Sometimes it can be hard to have some holiday fun with teens, but never underestimate the power of some Forced Family Fun.
My teenager didn’t want to trick-or-treat this year. She didn’t want to dress up. She didn’t seem to acknowledge the holiday at all.
I get it. She is sixteen. She had to study for an AP English test the next day. She had plans to attend a party the night before.
But it just didn’t feel right to me to have her holed up in her room on a night she used to LOVE!
So I stopped by the Halloween store and bought her a cat headband and a tail and put it on her bed with a note that read: “I hope you’ll help me give out candy tomorrow from 3-7 p.m. Traditional refreshments will be provided.”
And my heart soared when she texted me: “Got your note. I’m in!”
We ended up eating mummy dogs and drinking Blood Orange soda. She handed out candy while we listened to her favorite playlist. She ended up going to a friend’s house for a bit after, but we had 2.5 hours of togetherness, and I considered that a major win.
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Sometimes our teenagers need to participate in some forced family fun, especially at the holidays.
Last year we drove through a new holiday lights display event. I texted my friend to let her know it was great and that my three teens enjoyed it.
The truth was, my kids didn’t want to go, but my husband and I made them. We might have sweetened the deal a little bit by letting our daughter with the learner’s permit drive and offering frozen yogurt to the other two, but we were going.
My friend’s return text didn’t surprise me. “Ugh,” she replied. “I can’t get the teenager to go. He said it’s for little kids.”
“MAKE HIM GO!” I angry-texted back. “He needs some holiday cheer.”
Because if there was ever a group that needs some holiday magic, it’s teenagers.
It’s tough to be a teen in today’s world.
They just experienced a pandemic that impacted them in a variety of negative ways. As adults, we expect them just to “bounce back,” but the effects are lingering.
Future plans for college or trade school may have changed. Some friendships were lost. Depression and anxiety remain.
Some of these kids miss the way things used to be. Others are struggling to find their place again. Their already teen-limited motivation is at an all-time low. They are trying to figure out this new normal.
On top of that, our teens are still faced with a volatile political environment, school shootings, contentious debates all over social media, and academic pressures.
Add to that the normal stress of being a teenager, like peer pressure, hormones, and dating, and it’s no wonder why teens today are on the struggle bus.
And as parents, we are left grasping at straws, trying to figure out what to do for our children.
How much do we push our teenagers?
How much do we turn the other cheek? What is their breaking point?
For most of these big kids, I don’t think they have any idea what they need right now, so sometimes we have to give them a little push in the right direction.
In the case of my friend whose son is having a particularly hard time these last few months, I felt he needed a big fat shove to go see some lights. I knew he was going through a rough patch and felt isolated. His mom tried to give him some space, but unfortunately, when left to his own devices, he withdrew even further. It became harder to get him to come out of his room, to get him to exercise, to care about anything. He was stuck in a cycle and couldn’t break out of it.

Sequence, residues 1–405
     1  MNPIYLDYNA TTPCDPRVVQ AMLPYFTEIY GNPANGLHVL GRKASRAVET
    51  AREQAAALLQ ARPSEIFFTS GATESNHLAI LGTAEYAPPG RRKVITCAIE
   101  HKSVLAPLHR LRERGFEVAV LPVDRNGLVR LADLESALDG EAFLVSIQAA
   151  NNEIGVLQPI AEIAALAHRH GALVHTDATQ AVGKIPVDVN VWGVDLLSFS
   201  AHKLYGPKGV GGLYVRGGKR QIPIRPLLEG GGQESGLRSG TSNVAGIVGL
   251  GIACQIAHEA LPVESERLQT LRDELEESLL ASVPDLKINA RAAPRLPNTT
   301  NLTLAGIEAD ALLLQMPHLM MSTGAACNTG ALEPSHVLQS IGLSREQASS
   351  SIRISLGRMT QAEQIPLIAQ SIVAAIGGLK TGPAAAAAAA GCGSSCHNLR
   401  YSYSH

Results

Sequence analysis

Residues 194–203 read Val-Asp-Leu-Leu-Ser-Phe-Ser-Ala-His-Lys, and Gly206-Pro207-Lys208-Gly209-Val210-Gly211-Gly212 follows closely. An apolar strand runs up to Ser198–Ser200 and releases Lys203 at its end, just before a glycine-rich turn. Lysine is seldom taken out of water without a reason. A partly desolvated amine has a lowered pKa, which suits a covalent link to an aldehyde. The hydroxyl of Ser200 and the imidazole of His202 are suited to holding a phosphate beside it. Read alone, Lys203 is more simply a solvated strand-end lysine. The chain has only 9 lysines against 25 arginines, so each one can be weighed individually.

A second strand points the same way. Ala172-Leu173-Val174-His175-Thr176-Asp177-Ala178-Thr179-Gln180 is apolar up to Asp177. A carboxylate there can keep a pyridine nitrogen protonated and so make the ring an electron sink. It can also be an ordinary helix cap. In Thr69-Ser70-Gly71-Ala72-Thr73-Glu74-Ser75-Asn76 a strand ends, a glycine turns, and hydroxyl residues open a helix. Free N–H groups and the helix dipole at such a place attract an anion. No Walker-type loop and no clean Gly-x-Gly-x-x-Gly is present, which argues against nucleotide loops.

Sometimes when we see these adult-sized children in front of us, we forget their brains aren’t fully developed yet. In times of crisis, they don’t always make the best decisions for themselves; when their lives are tough, they don’t always know how to get out of the muck.
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Forced family fun is never wrong in these situations.
Sometimes, we need to aggressively encourage them to participate.
We have to remember that big kids still get excited by Christmas lights, they still love hot chocolate, they still wonder what the gifts are under the tree–even when they act like they don’t care.
The next night my friend texted me. “Thanks for pushing me to make him go. We ended up having a great time, He tried to look bored driving there, but once we got in it was awesome. We even took a selfie!”
We need to keep inviting our teens again and again.
I’m finding when I leave my teenagers to their own devices, they make it seem like they don’t want to participate in the holiday fun, but like when I invited my daughter to participate in Halloween, they often don’t turn the opportunity down.
And when I think it’s important, I gently prod them along.
I might say things like, “Yes, you will be here for this.”
Or, “This is not optional.”
Or, “I believe you will enjoy this today, so you are going to do it for at least an hour.” Note, once in it, it was always more than an hour.
Surly teens may say they don’t want to bake cookies, but make them do it anyway. Adolescent girls may roll their eyes when you want to take the cheesy photo in matching pajamas in front of the tinsel tree from your childhood, but make them do it anyway. Your man-child may not want to put his video game controller down long enough to watch The Grinch, but make him do it anyway.
And who knows? Some of your teens’ best memories may come from those activities you forced them to do–even if they don’t act like it.
They may even thank you for it.